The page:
Solar microgrids improve quality of life in rural areas of UP | India News

Solar microgrids improve quality of life in rural areas of UP |  India News

Life offered little respect to Gayton Banu during the first thirty years of its existence. For this resident of the village of Totiara, chores and second-class status were destiny until one day, the sun god smiled at her. She was offered a job as an operator and cleaning staff (after initial training) at a nearby solar microgrid, and she set out for a global change.
“The best thing is that I have a say in my house of nine… The village has also benefited from better power supply and I take some credit for that,” said the 33-year-old who also got a suitable partner. After becoming financially dependent.
The monthly income she earned from her flour mill made Rani Singh’s middle-aged life worthwhile. But the rising cost of diesel over the past few years has increased input costs and cut into profits. In November 2021, she made a transformative decision that made her business profitable again.
This resident of Lalpur Jaswantpur village ditched fossil fuel-based technology and adopted green energy to run her flour mill and recharge her small business. “We worship God Sangod as an incarnation of Vishnu, but we never thought his blessings would manifest in this way,” the 67-year-old said.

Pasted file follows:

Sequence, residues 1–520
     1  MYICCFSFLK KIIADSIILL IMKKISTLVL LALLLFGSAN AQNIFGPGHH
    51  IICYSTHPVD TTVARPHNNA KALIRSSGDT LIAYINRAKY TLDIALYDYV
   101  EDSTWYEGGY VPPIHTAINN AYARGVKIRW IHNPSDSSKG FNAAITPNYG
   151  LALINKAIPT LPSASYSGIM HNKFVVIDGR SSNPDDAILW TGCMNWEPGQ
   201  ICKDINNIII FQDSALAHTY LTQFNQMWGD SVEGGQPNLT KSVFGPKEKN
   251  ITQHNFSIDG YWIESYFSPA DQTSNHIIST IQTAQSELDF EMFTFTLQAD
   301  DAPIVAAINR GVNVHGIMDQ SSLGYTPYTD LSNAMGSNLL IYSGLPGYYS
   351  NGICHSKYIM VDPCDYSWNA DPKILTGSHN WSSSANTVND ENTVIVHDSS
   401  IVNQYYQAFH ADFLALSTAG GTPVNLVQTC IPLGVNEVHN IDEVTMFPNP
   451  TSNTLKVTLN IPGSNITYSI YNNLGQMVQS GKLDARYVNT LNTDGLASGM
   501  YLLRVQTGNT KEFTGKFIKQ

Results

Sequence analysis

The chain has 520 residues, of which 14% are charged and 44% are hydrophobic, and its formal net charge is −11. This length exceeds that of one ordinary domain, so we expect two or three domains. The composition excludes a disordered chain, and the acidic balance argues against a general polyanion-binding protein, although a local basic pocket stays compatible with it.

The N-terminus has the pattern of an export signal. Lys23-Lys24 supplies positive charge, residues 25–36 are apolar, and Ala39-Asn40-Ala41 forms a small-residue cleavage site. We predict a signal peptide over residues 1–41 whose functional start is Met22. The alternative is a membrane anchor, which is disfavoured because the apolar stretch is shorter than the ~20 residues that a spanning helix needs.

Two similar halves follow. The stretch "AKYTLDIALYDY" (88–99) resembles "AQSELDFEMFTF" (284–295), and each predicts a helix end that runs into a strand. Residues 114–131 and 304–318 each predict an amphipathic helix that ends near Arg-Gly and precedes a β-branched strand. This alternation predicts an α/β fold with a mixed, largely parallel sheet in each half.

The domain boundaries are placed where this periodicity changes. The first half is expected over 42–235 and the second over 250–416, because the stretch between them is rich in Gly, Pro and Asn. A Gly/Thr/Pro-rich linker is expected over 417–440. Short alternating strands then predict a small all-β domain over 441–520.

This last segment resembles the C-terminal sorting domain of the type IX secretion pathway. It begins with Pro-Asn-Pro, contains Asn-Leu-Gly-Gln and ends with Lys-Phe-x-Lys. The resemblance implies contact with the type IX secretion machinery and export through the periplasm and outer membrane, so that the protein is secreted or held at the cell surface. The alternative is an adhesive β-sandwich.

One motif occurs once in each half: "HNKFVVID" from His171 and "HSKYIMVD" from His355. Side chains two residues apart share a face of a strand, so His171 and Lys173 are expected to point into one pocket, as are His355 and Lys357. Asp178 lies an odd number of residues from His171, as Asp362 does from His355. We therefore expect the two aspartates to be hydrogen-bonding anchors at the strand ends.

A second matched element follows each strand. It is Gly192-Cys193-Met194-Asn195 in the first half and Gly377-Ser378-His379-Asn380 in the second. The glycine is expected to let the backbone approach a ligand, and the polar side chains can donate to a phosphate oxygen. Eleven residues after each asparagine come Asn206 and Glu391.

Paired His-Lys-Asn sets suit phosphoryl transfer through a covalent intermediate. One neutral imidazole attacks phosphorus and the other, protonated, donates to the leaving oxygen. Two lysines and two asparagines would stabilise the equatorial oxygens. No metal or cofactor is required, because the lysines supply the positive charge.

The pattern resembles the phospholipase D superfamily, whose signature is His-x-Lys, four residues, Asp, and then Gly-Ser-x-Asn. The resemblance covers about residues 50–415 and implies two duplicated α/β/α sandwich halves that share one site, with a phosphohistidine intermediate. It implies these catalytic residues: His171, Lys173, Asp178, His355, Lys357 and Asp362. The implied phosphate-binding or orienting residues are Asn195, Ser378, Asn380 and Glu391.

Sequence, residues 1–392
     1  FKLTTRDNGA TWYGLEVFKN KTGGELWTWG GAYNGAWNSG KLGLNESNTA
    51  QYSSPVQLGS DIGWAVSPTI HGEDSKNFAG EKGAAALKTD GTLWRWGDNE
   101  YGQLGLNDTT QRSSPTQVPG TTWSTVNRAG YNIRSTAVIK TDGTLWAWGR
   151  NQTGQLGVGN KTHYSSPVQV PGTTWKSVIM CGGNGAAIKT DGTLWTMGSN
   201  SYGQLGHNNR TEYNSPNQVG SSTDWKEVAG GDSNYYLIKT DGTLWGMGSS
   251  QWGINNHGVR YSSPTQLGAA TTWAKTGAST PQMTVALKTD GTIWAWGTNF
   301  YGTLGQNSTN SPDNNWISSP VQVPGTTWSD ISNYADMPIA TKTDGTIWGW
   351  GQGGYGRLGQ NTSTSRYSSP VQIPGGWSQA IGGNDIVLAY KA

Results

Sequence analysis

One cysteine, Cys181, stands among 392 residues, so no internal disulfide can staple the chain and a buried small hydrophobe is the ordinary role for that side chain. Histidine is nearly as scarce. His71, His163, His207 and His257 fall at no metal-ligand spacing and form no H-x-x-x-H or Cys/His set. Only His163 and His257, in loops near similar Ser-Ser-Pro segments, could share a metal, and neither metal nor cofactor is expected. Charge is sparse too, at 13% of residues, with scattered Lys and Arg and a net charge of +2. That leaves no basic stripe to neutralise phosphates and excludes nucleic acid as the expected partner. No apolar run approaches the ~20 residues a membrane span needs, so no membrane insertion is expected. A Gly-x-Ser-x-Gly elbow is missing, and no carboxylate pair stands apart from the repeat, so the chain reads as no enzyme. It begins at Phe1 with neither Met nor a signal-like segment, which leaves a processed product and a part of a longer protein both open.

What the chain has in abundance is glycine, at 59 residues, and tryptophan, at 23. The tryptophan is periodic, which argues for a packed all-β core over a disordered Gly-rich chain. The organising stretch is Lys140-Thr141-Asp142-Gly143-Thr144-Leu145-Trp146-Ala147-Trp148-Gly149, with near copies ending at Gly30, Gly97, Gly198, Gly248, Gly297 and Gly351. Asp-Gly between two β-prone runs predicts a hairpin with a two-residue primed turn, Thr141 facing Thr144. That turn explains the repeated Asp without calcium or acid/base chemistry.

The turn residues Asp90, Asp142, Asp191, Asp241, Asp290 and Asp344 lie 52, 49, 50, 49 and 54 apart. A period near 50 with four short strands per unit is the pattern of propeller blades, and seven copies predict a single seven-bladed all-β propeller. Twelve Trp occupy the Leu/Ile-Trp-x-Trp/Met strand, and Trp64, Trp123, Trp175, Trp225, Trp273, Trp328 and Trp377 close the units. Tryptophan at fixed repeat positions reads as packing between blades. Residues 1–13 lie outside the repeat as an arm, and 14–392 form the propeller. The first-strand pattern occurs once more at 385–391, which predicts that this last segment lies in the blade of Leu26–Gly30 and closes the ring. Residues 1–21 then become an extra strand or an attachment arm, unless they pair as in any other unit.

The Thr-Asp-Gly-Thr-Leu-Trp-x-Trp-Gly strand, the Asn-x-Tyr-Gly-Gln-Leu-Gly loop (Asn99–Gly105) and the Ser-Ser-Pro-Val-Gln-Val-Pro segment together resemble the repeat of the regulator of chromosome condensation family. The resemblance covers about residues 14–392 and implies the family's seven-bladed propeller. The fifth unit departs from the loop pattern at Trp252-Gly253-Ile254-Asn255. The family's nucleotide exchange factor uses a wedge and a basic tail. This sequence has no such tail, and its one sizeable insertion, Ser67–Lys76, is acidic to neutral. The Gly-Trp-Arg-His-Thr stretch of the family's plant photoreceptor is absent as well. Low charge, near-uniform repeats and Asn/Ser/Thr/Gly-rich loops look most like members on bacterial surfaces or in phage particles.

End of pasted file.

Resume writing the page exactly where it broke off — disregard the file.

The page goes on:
In the village of Pipri, Ramrani Devi’s life was freed from the darkness deepened by the sooty dirt that covered her kitchen corridors every day. Although the happiness of Ujjwala Yojana has not yet reached her kitchen, the power of solar energy has made her life easy.
“I can at least relax under the fan after the sweltering heat of summer and humid evenings in the monsoon months,” the woman said.
Mothers in Akhbarpur Talhu village are happy with their government primary school as it has facilities that most of them lack. While kids have lights and fans, students in grades 1-3 have access to smart classrooms. The school’s uninterruptible power supply ensures that interactive classes are a regular feature for everyone.
“The children at the school are also blessed with solar energy,” said Vinay Kumar Sharma, the teacher in charge of the school. He noted that in most summer months, public primary school children study on the balcony to beat the heat, which was not the case at his school. “Thanks to the creation of solar energy,” he said.